Should Schools check kids brush their teeth?

Recently on the news, there was an article about whether nurseries and schools should be responsible for checking if their pupils have brushed their teeth!

This was a recommendation from NICE (National Institute for health and Care Excellence) to tackle the ever-rising issue of child tooth decay. Teachers would have to check each child’s oral health before lessons and possibly even supervise them brushing their teeth, particularly in areas of the UK where child tooth decay is prevalent. NICE have said that tooth decay is very high in disadvantaged areas and so these measures should be implemented in their local schools and nurseries.

NICE recommends fluoride varnishing programmes as well for school children twice a year. During my work experience I saw this fluoride treatment placed on all the young patients who visited the dentist. It’s a thick paste that is smeared onto the teeth and left for a few hours (meaning no food or drink to wash it down!) to give a high fluorine dosage to strengthen milk teeth. I found this treatment was present in both NHS and private practices for young kids after every check up.

The article also brought up a common misconception- some families believe that maintaining oral hygiene for children is not an issue as baby teeth are“gonna fall out anyway”. Tooth decay and early gum disease are linked to future oral health, which makes it important to stop it before it’s too late.

I believe it is important to teach young children to maintain high levels of oral hygiene by not only brushing twice a day, but by brushing twice a day well. In some families this idea can be forgotten and children are left to brush without proper guidance.

My previous article about the sugar in food and tooth decay only emphasises the need to teach children from an early age how to maintain what they’ve got. Developing fun and engaging ways to teach kids how to brush their teeth can set the foundation for good oral health throughout life. Games and songs are only some methods to help kids remember every single tooth when they brush.

Overall I am not opposed to the recommendations and I can see many benefits in having this programme, or something similar to it, implemented in schools across the country. However, some schools say they do not have time in the school day and question the practicality of such measures.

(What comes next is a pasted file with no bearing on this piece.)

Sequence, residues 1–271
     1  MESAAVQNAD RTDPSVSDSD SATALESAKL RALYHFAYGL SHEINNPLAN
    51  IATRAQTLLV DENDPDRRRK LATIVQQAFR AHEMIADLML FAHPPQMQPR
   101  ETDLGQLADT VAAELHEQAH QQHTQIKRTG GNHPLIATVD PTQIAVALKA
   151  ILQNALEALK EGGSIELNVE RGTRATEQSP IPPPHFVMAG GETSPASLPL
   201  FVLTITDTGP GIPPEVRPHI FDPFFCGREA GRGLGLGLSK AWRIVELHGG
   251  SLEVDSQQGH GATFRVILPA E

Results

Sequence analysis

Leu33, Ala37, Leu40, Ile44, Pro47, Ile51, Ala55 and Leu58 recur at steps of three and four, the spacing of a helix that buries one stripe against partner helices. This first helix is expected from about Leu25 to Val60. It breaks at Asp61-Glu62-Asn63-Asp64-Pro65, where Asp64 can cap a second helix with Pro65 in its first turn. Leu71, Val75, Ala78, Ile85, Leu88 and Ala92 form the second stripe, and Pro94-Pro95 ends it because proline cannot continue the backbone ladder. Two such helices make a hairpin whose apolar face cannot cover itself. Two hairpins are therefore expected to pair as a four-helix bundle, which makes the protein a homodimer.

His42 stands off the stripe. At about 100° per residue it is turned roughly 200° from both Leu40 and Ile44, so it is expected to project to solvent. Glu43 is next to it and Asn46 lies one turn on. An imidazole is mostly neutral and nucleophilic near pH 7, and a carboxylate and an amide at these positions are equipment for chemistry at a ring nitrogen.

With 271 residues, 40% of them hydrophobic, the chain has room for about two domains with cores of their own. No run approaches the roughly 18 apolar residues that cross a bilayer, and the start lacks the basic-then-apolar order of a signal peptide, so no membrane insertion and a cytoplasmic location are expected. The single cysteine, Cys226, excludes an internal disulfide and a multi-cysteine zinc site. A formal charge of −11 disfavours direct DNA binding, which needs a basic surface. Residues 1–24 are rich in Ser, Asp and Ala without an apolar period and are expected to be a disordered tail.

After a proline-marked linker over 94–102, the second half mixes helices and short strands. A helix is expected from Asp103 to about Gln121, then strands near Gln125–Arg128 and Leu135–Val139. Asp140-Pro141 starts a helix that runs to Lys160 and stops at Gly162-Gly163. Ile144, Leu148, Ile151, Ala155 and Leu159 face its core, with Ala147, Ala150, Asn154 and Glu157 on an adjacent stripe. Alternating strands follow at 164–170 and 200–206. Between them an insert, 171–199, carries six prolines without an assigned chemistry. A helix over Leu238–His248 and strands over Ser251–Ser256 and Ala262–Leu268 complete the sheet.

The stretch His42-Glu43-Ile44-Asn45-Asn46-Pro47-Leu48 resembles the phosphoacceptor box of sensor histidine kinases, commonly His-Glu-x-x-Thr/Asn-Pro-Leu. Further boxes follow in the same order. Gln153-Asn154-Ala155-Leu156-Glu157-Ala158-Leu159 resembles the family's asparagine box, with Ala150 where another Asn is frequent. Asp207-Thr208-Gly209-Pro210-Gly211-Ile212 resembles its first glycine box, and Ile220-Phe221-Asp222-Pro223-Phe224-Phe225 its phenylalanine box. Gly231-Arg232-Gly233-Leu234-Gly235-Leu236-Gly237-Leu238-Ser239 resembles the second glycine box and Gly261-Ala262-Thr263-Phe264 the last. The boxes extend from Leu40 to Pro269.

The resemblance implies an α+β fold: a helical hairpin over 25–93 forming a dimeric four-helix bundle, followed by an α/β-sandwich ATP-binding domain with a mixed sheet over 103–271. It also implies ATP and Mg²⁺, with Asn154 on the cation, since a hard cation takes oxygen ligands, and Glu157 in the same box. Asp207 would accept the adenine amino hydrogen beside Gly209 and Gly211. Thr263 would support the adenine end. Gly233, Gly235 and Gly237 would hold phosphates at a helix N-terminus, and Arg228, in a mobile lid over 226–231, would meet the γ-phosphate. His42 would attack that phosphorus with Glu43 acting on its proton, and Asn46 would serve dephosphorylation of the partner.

Have a read and tell me what you think!

Bye! 🙂


First Womb Transplant Baby Born!

“Wow” was my first thought when reading this article on BBC news. I am excited to see where this innovation will take us and I am sure this has given many people a new and brighter view of the future.

So the story…

A womb was donated to a 36-year old lady who was born without a uterus, and thus was infertile. The uterus is very important in the development and growth of the fetus. The uterus is responsible for nurturing the fertilized ovum and anchoring it (with the help of the umbilical cord) until birth. Fertilized ovum gains nutrients needed for growth from blood vessels found deep within the uterus lining and develops into a fetus. Within the body of the uterus is the uterine cavity; it is a hollow space that has the capability to stretch to accommodate the growing fetus.

With this in mind…

For this treatment, IVF was used to create 11 embryos which were frozen. The transplant came from a 61-year old friend and immuno-suppressants were taken to ensure the uterus wasn’t rejected. After a year, a frozen embryo was chosen and implanted into the donated uterus and it was successful. Although the baby was prematurely born, due to pre-eclampsia, the mother and baby are now both doing fine.

Even though the success of this treatment has changed the lives of this family, is it too soon for the rest of those in the same situation to hope?

Regardless, the door has been opened to a possible future where surrogacy or adoption is not the only option for those who cannot children of their own. However, many more tests and trials on the new family will need to occur before it becomes a procedure for the general public. Prior to this great success in sweden, two other attempts at womb transplants have occurred. Both were unsuccessful and had to be removed. The safety of this technique is in question, and further tests on eight more couples are taking place to confirm if this treatment can be used for the wider world.

In the case of this happy new family, they will soon have to decide whether this is their one and only child as the immuno-suppressants are damaging in the long term and the womb will have to be removed soon. If this is going to be a success in the future, finding a better way to ensure the body accepts the donated womb will be the next hurdle to jump.

Go to the BBC news website to read the full article!